In the U.S., a great triumph by the minority party in the November midterms is not going to happen, and Democrats are likely to win the majority in the Senate.
The destructive populist convergence embodied by Jair Bolsonaro and Donald Trump in the hemisphere’s two largest democracies will survive only in the chaos they promote so they can continue to be relevant. Despite the brazenness with which both nurture fake news and bombastic headlines to give the impression they are on the crest of a wave, opinion polls project bad news in the weeks ahead. In Brazil, the current occupant of the Planalto is expected to take a beating from his archrival, Luis Inacio Lula da Silva, in next month’s vote. It will not be surprising if Bolsonaro reacts to the defeat the way Trump’s followers did, invading the Capitol on Jan. 6, 2021, trying in vain to prevent the certification of Joe Biden’s election. Such a Bolsonarist maneuver will dissipate as soon as the Superior Electoral Tribunal announces the results of the election.
Trump is not a candidate in the November midterm elections and his incontestable domination of the Republican Party should pay him dividends. But that is not what the facts show. The former president’s presence in the spotlight and his insistence on the blatant lie that Biden’s election was the result of fraud have become negatives for the Republican campaign. Add the low quality of extremist candidates supported by Trump in the fight to control the Senate, currently split 50-50 between the parties. Senate Minority Leader Mitch McConnell of Kentucky publicly acknowledged this disadvantage. Political analysts from both parties are predicting a net gain of three to four seats by the Democrats. Projections suggest that the Republicans will regain the narrow majority the Democrats have in the House, albeit by a small margin that will be reversible in 2024. In other words, the great triumph of the minority party, traditional during congressional elections midway through a president’s term, won’t happen.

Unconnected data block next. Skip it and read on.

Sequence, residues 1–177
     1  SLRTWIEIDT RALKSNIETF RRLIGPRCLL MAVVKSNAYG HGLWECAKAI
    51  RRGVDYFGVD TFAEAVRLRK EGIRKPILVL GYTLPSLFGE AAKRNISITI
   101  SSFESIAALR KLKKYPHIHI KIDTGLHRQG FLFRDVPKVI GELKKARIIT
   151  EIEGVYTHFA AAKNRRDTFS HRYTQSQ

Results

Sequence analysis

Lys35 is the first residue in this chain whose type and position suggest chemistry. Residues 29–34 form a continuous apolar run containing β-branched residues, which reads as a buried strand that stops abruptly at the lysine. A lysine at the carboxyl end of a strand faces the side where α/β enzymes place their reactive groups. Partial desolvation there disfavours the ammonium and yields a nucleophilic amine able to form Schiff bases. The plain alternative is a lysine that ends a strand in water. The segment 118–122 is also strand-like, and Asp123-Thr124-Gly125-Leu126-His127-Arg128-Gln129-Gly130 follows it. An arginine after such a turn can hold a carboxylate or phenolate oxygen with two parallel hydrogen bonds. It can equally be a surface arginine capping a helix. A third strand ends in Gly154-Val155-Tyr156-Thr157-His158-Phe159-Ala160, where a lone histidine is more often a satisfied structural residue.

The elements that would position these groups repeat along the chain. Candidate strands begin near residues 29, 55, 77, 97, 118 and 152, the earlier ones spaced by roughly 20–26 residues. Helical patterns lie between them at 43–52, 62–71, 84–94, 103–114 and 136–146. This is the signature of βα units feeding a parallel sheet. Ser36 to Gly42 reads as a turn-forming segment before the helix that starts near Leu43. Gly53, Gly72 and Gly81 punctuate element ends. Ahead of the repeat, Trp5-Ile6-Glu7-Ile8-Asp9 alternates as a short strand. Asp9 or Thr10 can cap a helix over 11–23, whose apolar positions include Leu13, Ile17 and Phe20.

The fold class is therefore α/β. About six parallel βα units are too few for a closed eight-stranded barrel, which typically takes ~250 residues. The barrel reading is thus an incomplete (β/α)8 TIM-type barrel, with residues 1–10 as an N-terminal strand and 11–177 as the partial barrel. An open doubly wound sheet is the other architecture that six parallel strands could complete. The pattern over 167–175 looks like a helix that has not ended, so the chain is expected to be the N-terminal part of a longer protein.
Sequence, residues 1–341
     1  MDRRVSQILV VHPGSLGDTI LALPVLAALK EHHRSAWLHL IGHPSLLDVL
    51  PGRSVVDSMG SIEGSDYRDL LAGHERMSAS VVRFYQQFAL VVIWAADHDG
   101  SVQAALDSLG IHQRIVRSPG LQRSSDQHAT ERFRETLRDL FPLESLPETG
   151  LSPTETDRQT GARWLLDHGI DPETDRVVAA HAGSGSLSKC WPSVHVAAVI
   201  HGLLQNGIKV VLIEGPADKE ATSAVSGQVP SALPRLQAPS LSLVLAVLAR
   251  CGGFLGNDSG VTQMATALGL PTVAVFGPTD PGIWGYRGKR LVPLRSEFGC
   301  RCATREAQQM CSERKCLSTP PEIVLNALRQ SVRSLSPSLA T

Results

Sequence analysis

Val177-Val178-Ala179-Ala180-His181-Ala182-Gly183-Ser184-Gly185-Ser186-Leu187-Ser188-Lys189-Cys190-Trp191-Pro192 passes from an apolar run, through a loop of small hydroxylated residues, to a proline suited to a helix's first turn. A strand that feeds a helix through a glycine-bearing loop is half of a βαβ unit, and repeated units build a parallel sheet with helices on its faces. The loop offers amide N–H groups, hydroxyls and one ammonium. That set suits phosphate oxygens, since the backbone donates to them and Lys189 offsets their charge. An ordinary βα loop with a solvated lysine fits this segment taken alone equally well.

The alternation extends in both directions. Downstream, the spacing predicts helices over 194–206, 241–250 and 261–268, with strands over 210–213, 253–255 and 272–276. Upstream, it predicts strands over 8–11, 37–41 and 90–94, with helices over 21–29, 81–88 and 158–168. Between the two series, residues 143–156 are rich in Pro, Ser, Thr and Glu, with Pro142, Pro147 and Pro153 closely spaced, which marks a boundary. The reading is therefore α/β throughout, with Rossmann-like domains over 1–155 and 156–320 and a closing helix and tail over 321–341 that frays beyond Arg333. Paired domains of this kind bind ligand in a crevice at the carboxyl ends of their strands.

The bad news for Trump and his supporters stems not just from his abrasive authoritarian style, but from Biden’s legislative success in recent weeks. The approval of $370 billion in funding to fight global warming and for investment in clean energy is the largest amount of support ever approved by the U.S. and renews the country’s commitment to the Paris climate agreement, abandoned by Trump. Add to that tens of billions in additional compensation to war veterans, substantial reductions in the price of most commonly used prescription drugs, an initiative meant to resuscitate the semi-conductor industry and increased taxes on the wealthiest citizens.
The greatest boost to Democratic chances, however, came in response to a June decision by the Supreme Court, with its conservative bench installed by Trump, to overturn a 1973 ruling protecting American women’s right to abortion and delegating authority over abortion rights to the individual states. The suppression of women’s sovereignty over their reproductive rights today feeds a strong political realignment in traditionally conservative states. In Kansas, the backwoods of the U.S., a vocal majority of nearly two-thirds put the brakes on an attempt to criminalize abortion in the state last month. The mobilization of female voters provoked by the Supreme Court decision on abortion is reflected in a strong increase in the number of women registering to vote for the November election.
The recent operation by the Department of Justice to recover classified documents that Trump is said to have illegally removed from the White House when he left office and kept at his luxurious South Florida residence, Mar-a-Lago, has had a similar effect. A review of the documents seized from Mar-a-Lago by the FBI, the domestic intelligence and security service of the U.S., revealed that dozens of the documents that had been sought by the National Archives as part of the official presidential were classified at the highest levels of secrecy to be read only by those authorized to do so in secure government facilities, something Mar-a-Lago never was even while Trump was president. People suspect that, based on remarks from former senior intelligence officials, Trump took the documents to both feed his own ego and use them for blackmailing people for political and financial advantage.
A preliminary ruling this week by a federal judge in Florida handed the former president a temporary victory when she approved the appointment of a special master to review the documents and make recommendation on the documents to the court. Animated by the judge’s decision, Trump went on the attack. “The FBI and the Justice Department have become vicious monsters, controlled by radical-left scoundrels, lawyers and the media, who tell them what to do,” Trump said. Republican candidates know that Trump is more unpopular than Biden and would prefer to see him off stage. But they will not act on that realization.
*Editor’s note: This article is available in its original Portuguese through a paid subscription.
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